Wolverine – A Darkened Sun – Review

Artist: Wolverine

Album Title: A Darkened Sun

Label: Independent Release

Date of Release: 31 October 2020

If nothing else, Covid-19 has brought out some of the most creative and ambitious sides of our cherished and beloved musicians, who have fought hard and tried to find ways to stay alive whilst their world has threatened to crumble at the hands of a global pandemic that has seen live music in the flesh cease almost entirely. Streamed gigs, greater social media interaction, inventive merchandise offerings – you name it, we’ve seen it over the past year.

Wolverine are no exception, as ‘A Darkened Sun’ more than ably proves. Not content to release a ‘standard’ EP or full-length, they have created what they refer to as an ‘audio-visual’ release. Essentially, ‘A Darkened Sun’ is a four-track (or four chapter) EP that clocks in at around the 28 minute mark. However, it is being released entirely independently via YouTube, with the music accompanied by a full-length video, filmed by the band’s very own bassist Thomas Jansson.

Cards on the table, my personal circumstances have not afforded me a great deal of time to watch and digest the video that accompanies the music in minute detail. Children, full-time job, dog…you know the score. Nevertheless, I have watched it a number of times and what I would say is this: it is a very well put-together piece of work, that fits the music perfectly. As you’ll know, Wolverine are not the happiest of bands when it comes to their musical output and lyrical content. In keeping with this, the film is shot in black and white, which is perfect to convey the bleakness of the story that unfolds through the four chapters. The imagery is rife with symbolism, but it has a gritty, earthy texture about it too, conveyed through the urban landscapes that appear throughout. It’s also incredibly dark in places. At risk of being way off the mark, I wonder whether the main female protagonist in the video is Sarah, who featured on the ‘Cold Light Of Monday’ album, released back in 2003. Either way, the great thing about art is that it can be interpreted in any number of different ways, so perhaps it is best that each of us approaches the video independently, to draw our own personal, subjective conclusions.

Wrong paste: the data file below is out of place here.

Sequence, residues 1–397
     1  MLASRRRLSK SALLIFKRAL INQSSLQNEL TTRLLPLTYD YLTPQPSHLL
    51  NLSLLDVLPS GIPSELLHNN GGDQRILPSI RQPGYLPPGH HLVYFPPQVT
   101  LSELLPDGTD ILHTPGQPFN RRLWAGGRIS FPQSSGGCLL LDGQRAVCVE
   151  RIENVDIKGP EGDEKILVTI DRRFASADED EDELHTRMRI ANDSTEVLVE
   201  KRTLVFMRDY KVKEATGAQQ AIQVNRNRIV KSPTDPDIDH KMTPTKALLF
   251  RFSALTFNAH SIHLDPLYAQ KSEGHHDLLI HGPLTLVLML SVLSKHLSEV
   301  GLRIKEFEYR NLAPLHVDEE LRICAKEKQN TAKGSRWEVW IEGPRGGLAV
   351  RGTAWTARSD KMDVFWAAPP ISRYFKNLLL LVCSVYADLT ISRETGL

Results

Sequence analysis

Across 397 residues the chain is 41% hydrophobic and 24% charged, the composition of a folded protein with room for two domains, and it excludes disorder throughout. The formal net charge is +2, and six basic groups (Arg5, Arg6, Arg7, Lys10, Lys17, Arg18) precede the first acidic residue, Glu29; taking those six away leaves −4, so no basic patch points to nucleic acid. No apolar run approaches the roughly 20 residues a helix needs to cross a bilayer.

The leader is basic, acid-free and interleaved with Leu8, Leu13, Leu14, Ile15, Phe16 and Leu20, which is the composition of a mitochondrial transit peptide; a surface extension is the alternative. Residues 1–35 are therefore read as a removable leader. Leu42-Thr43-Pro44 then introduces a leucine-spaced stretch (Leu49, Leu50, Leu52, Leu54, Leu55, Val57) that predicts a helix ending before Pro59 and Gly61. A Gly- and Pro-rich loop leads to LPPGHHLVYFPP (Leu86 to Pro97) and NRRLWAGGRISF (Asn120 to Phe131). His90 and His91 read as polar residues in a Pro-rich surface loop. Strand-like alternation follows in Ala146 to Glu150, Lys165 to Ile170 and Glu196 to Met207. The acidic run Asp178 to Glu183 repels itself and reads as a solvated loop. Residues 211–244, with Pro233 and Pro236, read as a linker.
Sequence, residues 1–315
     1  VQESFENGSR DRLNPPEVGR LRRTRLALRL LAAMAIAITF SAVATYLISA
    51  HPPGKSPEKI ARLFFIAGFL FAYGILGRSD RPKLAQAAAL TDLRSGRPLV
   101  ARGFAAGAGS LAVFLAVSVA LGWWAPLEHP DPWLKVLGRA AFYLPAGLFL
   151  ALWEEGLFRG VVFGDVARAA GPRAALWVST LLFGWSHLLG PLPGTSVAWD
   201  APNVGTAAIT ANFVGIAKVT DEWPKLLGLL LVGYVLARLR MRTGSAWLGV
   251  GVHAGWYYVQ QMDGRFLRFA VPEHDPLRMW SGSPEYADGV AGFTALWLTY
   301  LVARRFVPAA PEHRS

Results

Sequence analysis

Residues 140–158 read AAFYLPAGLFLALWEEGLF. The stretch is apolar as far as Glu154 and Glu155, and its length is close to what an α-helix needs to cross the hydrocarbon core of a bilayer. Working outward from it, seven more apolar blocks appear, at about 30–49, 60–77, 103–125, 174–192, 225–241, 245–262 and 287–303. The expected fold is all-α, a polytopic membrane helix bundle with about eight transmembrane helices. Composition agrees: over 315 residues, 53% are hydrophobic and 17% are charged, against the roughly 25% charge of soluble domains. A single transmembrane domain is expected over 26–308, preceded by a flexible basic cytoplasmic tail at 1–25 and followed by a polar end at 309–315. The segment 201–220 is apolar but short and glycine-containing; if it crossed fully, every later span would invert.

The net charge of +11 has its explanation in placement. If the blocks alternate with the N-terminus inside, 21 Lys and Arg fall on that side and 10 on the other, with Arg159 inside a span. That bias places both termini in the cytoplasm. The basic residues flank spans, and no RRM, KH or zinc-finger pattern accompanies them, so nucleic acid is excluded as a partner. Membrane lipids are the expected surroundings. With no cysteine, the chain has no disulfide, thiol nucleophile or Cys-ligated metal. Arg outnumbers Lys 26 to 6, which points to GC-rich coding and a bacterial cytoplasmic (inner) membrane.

Manofmuchmetal.com is always about the music first and foremost in any case and so that’s where I now want to turn my attention. When it comes to the songs themselves, I have lost count of the number of times I have listened to them. I therefore feel much better positioned to give my thoughts on this aspect of the release.

My first comment is that the music is strikingly heavy. For a progressive metal band, Wolverine have never been light on the ear, but the opening two tracks in particular contain arguably some of the most muscular guitar tones in their history. The opening distorted chords of ‘Phoenix Slain’ by Jonas Jonsson that emerge after a suitably dystopian-sounding repeated electronic note, are bold and full of menace. However, after a flurry of activity, the song quietens down into something altogether more sombre and melancholy, Stefan Zell’s voice cutting through the beautifully brittle soundscape with understated emotion. Instantly recognisable as Wolverine, the ebb and flow of the composition is one of its many strengths, as are the subtle melodies that only really make their mark after several spins, and when you least expect them. The modern electronic sounds and accompanying synths courtesy of Per Henriksson create an unsettling atmosphere as the song meanders into darker territory, whilst raising the tension via well-placed guitar solos and a more insistent rhythmic beat from drummer Marcus Losbjer and bassist Thomas Jansson. There’s a brief moment of piano-led calm before the track explodes once again with a reprise of those threatening guitar chords, more emotive lead guitar work and greater, more pronounced syths.

There is precious little time to pause for breath as ‘The Breach’ opens with a heavy, grooving, churning riff. It is a track that’s possibly more instantly dramatic than its predecessor, but it is blessed with a gorgeous chorus melody that gets more addictive with each passing listen. The atmospheres are so poignant, especially when let loose in the quieter sections, only to release into the beautiful chorus once again. This song is Wolverine at their beguiling best in my opinion.

‘Dead to the Moon’ is a quieter, more introspective affair that’s unmistakeably Wolverine but with a hint of Katatonia about it. It is arguably the bleakest of the four compositions here, but no less gorgeous and well-written.  And then, the final track, ‘Hibernator’ – do I detect a vague sense of hope, and positivity? Not according to the lyrics, no. But there’s something about the song that suggests otherwise. I love the opening beat, where bass, drums and synths create an immersive experience from the outset, but it’s the ‘chorus’ melody that draws me in the most, made all the more powerful thanks to the cloying darkness and oppression that’s present within the majority of the song.